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How concerned should the Pacers be about rebounding?

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Rebounding was a staple of the Vogel era. Can the uptempo Pacers successfully make it supplemental?

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Indiana Pacers v Toronto Raptors - Game One Photo by Tom Szczerbowski/Getty Images

During the Frank Vogel era, the Indiana Pacers, heavily reliant upon their smothering defense and physicality to finish possessions and generate more second chance points than their opponent, never completed a season ranked in the bottom half of the league in rebounding percentage (a team’s percentage of total rebounds grabbed). Rather, barring Paul George’s rookie season and last season’s on-again, off-again infatuation with small-ball, Vogel’s teams were annual fixtures among the top ten. Now, with Indiana prioritizing speed and offensive efficiency, Nate McMillan has proactively targeted his team’s ability to clean the glass as a potential area of weakness.

“One of the concerns, or things we will have to improve on, is our rebounding,” McMillan admitted while speaking on 1070 the Fan at the Pacers annual golf outing. “...we’ve played pretty much a big lineup the last couple of years, we’ve been able to rebound the ball. We’ve got to rebound the ball this year, that’s going to take a team effort.”

Given that it is not atypical of teams that exchange size for pace to struggle on the boards, McMillan’s concern may actually be misplaced. Paul George (563) led the Pacers in rebounding last season, and Thaddeus Young (15.6%) grabbed a slightly higher percentage of his team’s available rebounds than Ian Mahinmi (15.3%). But, even if those numbers don’t hold with Young further away from the basket, or prove to be skewed by makes or misses, of greater issue will be Indiana’s ability to win the turnover battle.

In fact, surrendering rebounding opportunities in the name of small(ish)-ball will be an acceptable trade-off, if the uptempo starting lineup can generate enough fast-break points to make up the difference. Three seasons ago, as ESPN’s Tom Haberstroh explains here, the Miami Heat won the East, despite ranking 27th in the league in rebound percentage, because they thrived in the open floor, finishing second in points per game off turnovers (19.3).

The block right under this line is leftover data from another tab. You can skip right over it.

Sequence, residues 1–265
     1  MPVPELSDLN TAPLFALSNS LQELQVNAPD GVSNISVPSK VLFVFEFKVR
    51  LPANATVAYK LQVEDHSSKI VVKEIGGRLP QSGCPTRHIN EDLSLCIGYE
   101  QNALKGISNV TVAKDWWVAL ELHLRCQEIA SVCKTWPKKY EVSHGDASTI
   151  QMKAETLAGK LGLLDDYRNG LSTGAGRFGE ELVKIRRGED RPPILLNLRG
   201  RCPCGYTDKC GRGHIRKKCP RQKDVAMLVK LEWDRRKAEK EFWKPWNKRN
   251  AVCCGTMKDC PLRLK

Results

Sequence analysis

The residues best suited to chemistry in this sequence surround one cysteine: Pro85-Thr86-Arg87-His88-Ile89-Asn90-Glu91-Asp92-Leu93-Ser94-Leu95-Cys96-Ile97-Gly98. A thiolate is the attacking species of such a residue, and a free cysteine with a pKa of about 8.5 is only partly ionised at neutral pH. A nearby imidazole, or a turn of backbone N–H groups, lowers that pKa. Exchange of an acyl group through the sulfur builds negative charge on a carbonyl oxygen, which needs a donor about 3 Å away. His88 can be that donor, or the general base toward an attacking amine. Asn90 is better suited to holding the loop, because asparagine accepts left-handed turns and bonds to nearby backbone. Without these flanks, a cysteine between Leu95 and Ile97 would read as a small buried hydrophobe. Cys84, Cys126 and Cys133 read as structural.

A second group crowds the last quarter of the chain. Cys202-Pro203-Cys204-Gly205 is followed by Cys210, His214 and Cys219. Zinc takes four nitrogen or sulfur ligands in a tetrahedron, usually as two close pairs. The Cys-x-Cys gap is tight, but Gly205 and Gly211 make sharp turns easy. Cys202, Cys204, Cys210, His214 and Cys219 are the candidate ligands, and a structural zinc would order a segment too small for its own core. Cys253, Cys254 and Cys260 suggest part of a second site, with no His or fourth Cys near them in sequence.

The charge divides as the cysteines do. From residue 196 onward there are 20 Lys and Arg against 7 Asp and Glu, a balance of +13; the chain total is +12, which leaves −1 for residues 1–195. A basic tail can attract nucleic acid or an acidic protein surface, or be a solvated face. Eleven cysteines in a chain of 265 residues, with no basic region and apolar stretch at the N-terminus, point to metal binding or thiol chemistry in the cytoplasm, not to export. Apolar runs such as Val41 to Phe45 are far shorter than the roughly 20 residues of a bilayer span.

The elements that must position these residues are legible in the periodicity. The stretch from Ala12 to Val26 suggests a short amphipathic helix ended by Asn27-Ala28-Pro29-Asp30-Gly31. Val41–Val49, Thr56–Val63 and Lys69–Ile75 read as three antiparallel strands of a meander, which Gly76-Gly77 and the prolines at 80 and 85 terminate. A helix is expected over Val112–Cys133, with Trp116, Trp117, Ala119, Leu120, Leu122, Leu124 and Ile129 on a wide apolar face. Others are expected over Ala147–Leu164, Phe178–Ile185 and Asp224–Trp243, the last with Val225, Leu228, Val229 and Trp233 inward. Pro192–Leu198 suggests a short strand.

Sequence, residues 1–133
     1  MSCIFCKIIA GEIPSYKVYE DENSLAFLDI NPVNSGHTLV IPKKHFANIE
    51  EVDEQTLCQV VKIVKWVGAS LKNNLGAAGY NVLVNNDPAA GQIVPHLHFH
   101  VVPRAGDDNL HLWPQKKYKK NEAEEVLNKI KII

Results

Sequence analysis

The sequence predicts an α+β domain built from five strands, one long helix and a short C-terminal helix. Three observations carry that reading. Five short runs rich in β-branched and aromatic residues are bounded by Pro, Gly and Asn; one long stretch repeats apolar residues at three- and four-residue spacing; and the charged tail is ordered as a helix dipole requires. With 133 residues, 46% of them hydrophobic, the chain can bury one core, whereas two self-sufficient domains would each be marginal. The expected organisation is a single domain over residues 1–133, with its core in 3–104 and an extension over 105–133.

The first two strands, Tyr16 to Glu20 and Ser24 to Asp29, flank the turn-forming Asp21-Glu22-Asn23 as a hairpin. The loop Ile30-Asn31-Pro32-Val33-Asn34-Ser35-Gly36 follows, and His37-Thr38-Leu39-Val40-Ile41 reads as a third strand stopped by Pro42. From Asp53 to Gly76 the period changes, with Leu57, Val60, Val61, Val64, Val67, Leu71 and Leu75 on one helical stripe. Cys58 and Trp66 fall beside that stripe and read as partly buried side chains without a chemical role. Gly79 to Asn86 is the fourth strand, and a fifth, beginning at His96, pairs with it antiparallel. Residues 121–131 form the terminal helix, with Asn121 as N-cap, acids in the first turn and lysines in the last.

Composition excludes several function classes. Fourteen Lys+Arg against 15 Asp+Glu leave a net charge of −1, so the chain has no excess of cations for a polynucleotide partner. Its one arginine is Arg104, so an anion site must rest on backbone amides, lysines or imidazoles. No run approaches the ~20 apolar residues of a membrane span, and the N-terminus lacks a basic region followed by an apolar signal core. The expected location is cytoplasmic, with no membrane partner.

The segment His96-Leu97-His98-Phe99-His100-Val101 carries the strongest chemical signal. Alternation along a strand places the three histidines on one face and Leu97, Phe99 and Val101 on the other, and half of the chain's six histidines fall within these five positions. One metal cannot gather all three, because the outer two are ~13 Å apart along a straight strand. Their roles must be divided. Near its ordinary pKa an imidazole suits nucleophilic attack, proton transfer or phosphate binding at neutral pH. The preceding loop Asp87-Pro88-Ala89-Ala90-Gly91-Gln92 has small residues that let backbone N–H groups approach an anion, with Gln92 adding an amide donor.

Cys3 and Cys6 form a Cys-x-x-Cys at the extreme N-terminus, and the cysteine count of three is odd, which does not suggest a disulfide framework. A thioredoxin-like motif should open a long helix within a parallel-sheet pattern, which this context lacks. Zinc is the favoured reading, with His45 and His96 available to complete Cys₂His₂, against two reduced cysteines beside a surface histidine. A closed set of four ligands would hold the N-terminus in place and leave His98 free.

Even so, replicating this delicate balance will be challenging for the Pacers for a couple of reasons. One, it requires defense, which Indiana seemingly exchanged for scoring, to force turnovers.

“We’ve been talking about pace and style of play,” McMillan said following the team’s first practice, before emphasizing the importance of getting stops. “It starts with the defensive end of the floor.”

And, two, even if Dan Burke manages to get several meh defenders to adhere to the team’s defensive principles and schemes, the Pacers were notoriously sloppy with the ball last season and have the potential to be worse still in 2016-17, per Debbie Considine of 8 points, 9 seconds:

Jeff Teague turned over the ball 218 times, at a 16.2% turnover rate, for the Atlanta Hawks in 2016, good for 15th on the turnover list. In contrast, George Hill had just 101 and turned over the ball only 11.1% of the time last year with Indiana.

This gives Indiana three high-turnover ballhandlers on the perimeter, meaning that Nate McMillan will have to find a way to keep their tendencies from derailing too many possessions.

If George, Ellis, and Teague have the same number of turnovers next year as they did in 2015-16, the trio will have 107 more turnovers than the George, Ellis, and George Hill trio combined for in 2016.

Theoretically, the Pacers can get killed on the glass and still win games, but not if they give the ball away more often than they capitalize on their opponent’s miscues.

Myles Turner wants to finish top three in the East, and Paul George says he’s ready to challenge LeBron. Dropping outside of the top ten in rebounding percentage alone probably won’t cause the Pacers to fall short of their goals, but failing to do what’s necessary to compensate for that potential drop-off will.